Job discrimination is a specific type of discrimination that is based upon race, gender, religious beliefs, nationality, physical capabilities, mental abilities, age, sexual orientation or preferences as well as gender identity through some form of management within a company or organization. Job discrimination can be created through a variety of channels and may be difficult to recognize, even for people within the organization or company. The discrimination can be done on purpose and be associated with differential treatment of an employee or groups of employees. Conversely, the discrimination can be done accidentally or without intent and also create differential treatment (Doyle, 2019). This paper will seek to examine and briefly describe the impact of job discrimination on multiple factors within a company or organization, describe a specific example of job discrimination within a company, and provide recommendations for how to best avoid intentional or unintentional job discrimination.
Job discrimination related to morale, relationships, and overall productivity has been a heavily researched topic among multiple fields of academic study. Research has demonstrated that discrimination is likely associated with decreased productivity of the individual employee or group of employees. For example, an employee who is being discriminated against may begin to feel powerless, experience feelings of increased anxiety, and lose interest in the day-to-day tasks related to the specific job (Lee et al., 2016). Research has also indicated that as discrimination persists, employee morale will decrease, which could lead to increased absences, decreased care for colleagues’ relationships and teamwork as well as decreased motivation (Marafuga et al., 2017).
The U.S Equal Employment Opportunity Commission
Regarding a real-world example of job discrimination, in 2013 the U.S. Equal Employment Opportunity Commission (‘EEOC’) brought a lawsuit against BMW, which alleged that one of the company’s manufacturing locations integrated a criminal background check procedure that resulted in unequal treatment, hiring, and impact on African-Americans (O’Toole, 2013). In 2008, BMW made a change of contractors at one of its South Carolina manufacturing facilities, which resulted in all employees being required to reapply to the new contractor. The new contractor processed criminal background evaluations on all old employees as well as new applicants. Employees and applicants that had a criminal background were not hired or rehired “without any individualized assessment of the nature and gravity of the crimes, the age of their convictions, and despite some having years of experience” (O’Toole, 2013). The outcome of this new criminal background check procedure was that approximately 90 experienced employees were not rehired out of a total of approximately 650 experienced workers. Out of those 90 experienced that were not rehired, 70 were African-American. This example of job discrimination does not reflect the practices of the entire BMW corporation as this was an isolated incident at one of the company’s numerous manufacturing facilities. Therefore, the ethical practices at this specific facility were very poor, but that does not reflect the ethical practices of the entire BMW corporation.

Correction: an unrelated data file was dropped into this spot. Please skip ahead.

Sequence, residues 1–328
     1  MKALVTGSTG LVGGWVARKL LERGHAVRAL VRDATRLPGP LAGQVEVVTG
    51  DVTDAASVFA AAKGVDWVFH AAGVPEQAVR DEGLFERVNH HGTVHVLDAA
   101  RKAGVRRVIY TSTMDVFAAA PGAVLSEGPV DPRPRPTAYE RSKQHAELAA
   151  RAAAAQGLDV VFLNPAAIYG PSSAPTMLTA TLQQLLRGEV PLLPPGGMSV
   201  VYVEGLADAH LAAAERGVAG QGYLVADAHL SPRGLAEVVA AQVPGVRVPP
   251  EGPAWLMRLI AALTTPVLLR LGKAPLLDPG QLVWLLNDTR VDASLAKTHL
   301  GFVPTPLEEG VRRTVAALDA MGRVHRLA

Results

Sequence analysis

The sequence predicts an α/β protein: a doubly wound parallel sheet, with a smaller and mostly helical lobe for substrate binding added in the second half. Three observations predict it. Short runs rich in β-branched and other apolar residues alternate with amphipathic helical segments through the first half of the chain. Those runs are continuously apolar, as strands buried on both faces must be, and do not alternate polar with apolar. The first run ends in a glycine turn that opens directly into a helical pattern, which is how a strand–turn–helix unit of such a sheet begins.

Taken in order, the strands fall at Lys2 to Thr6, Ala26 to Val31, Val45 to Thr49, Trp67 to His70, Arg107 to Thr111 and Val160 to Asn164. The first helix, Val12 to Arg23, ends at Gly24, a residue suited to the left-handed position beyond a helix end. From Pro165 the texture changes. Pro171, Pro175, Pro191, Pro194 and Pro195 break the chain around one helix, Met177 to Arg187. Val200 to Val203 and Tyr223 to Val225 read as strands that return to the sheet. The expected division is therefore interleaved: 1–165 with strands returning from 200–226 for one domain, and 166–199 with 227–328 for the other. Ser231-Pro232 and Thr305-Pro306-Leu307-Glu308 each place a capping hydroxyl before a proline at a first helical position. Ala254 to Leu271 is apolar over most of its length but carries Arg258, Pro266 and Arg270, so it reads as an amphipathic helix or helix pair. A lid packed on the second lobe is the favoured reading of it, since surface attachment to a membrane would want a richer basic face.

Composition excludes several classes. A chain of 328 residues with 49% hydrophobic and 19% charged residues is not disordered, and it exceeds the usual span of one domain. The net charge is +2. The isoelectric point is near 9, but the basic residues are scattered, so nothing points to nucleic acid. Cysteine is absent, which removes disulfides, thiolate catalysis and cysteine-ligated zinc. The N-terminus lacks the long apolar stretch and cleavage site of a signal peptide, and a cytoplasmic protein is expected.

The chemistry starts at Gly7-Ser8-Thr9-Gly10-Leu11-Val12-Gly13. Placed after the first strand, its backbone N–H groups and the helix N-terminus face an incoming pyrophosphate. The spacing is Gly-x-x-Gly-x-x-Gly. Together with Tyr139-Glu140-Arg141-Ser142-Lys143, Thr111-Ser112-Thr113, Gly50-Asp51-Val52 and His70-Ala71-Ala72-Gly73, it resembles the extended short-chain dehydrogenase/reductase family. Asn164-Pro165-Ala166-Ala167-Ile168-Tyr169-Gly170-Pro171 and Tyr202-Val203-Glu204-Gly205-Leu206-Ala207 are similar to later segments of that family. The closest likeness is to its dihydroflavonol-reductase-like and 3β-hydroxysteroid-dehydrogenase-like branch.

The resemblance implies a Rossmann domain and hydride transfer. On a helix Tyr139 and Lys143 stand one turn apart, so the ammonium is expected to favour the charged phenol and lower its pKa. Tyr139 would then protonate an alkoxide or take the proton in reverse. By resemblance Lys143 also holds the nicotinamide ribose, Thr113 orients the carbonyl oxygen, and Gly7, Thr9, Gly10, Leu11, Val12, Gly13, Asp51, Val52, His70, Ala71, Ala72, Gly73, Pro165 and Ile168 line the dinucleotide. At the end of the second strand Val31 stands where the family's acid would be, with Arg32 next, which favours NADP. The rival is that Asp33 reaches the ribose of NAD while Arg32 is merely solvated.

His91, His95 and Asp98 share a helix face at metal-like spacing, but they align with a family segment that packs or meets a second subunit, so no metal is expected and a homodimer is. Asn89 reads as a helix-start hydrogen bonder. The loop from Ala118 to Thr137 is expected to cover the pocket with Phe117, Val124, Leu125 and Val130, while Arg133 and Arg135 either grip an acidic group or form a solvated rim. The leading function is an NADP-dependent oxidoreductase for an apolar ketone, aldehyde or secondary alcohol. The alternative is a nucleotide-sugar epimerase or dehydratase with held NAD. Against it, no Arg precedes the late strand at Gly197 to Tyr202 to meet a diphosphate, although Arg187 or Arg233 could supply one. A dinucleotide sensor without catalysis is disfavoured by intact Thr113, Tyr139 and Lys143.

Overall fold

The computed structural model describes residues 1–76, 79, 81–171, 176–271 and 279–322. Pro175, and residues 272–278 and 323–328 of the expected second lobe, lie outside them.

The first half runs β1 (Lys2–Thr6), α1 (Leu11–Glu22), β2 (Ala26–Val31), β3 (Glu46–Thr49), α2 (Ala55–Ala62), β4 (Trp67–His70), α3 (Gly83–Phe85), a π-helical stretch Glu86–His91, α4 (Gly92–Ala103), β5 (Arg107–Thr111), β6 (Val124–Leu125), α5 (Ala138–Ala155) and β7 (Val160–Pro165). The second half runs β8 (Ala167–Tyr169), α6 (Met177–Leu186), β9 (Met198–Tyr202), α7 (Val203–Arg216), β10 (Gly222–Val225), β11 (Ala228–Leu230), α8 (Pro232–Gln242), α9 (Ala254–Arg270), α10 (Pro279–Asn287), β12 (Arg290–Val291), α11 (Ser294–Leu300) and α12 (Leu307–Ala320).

Companies, organizations and organizations must make a concerted effort to prevent job discrimination. There are numerous steps and procedures that must be adopted to effectively avoid discrimination. For example, all employees should be educated about job discrimination, the effects and consequences, employees should be supported to appreciate diversity within the company, the company must acknowledge and respond to any instances of inappropriate conduct, policies and procedures regarding discrimination within the workplace should be developed and communicated to all employees, management must be educated regarding methods of responding to discrimination, and obviously, any instances of discrimination should be dealt with and enforced (Weekes, 2017).
Doyle, A. (2019, April 26). Types of Employment Discrimination. Retrieved June 06, 2019,
Lee, S. H., Lee, H. S., Kim, G. H., Lee, J., Lee, K., & Kim, J. J. (2016). The association between
perceived discrimination and depression/anxiety disorders among Korean workers: Analysis of the third Korean Working Conditions Survey. Annals of Occupational and Environmental Medicine,28(1). doi:10.1186/s40557-016-0121-4
Marafuga,, A., DiDona, T., Paradas, J., Cortes, A., & Perera, M. (2017). Employee perceptions
in the workplace: Discrimination, Work motivation, Teamwork/citizenship, and Locus of Control. International Journal of Scientific and Research Publications, 7(12). Retrieved June 06, 2019, from http://www.ijsrp.org/research-paper-1217/ijsrp-p7294.pdf
O’Toole, J. (2013, June 11). BMW hit with discrimination lawsuit from EEOC. Retrieved June
Weekes, J. (2017, September 09). 8 ways to prevent discrimination in your workplace. Retrieved